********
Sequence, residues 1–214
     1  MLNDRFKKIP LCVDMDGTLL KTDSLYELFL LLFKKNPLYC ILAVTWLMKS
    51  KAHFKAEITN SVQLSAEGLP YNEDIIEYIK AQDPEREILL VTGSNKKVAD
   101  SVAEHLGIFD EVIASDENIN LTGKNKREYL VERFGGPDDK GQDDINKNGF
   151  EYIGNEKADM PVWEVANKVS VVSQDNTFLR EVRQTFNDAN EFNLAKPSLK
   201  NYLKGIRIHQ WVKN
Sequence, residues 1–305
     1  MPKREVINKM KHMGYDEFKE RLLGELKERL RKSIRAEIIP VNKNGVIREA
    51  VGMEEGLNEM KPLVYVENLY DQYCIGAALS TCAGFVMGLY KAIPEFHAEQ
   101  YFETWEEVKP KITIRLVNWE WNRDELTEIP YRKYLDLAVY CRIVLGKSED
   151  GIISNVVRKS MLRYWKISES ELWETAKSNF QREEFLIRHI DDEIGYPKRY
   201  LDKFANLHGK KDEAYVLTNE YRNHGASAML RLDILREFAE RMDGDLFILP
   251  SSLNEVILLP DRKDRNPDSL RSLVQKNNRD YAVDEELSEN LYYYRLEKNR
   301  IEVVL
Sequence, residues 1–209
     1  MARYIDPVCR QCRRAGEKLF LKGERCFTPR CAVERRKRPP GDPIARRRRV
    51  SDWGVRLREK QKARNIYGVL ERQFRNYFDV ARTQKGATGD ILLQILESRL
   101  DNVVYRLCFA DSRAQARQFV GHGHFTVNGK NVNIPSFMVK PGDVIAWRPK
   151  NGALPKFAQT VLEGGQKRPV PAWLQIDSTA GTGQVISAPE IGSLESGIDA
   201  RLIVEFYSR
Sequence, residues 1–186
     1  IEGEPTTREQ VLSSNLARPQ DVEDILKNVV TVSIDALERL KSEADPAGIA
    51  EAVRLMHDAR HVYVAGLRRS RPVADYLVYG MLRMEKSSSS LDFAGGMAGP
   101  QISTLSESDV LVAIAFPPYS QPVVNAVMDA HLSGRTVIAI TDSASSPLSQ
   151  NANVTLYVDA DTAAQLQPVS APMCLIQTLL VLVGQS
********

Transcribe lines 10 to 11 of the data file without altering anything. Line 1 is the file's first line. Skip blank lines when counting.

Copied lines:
   101  YFETWEEVKP KITIRLVNWE WNRDELTEIP YRKYLDLAVY CRIVLGKSED
   151  GIISNVVRKS MLRYWKISES ELWETAKSNF QREEFLIRHI DDEIGYPKRY